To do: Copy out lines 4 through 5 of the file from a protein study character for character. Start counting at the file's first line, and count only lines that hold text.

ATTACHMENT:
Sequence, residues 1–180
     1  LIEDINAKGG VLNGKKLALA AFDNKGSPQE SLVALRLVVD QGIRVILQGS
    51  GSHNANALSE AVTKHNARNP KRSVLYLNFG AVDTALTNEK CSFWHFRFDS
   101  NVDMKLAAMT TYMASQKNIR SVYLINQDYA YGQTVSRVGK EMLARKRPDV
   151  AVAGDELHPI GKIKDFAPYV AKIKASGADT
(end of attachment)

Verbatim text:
   101  NVDMKLAAMT TYMASQKNIR SVYLINQDYA YGQTVSRVGK EMLARKRPDV
   151  AVAGDELHPI GKIKDFAPYV AKIKASGADT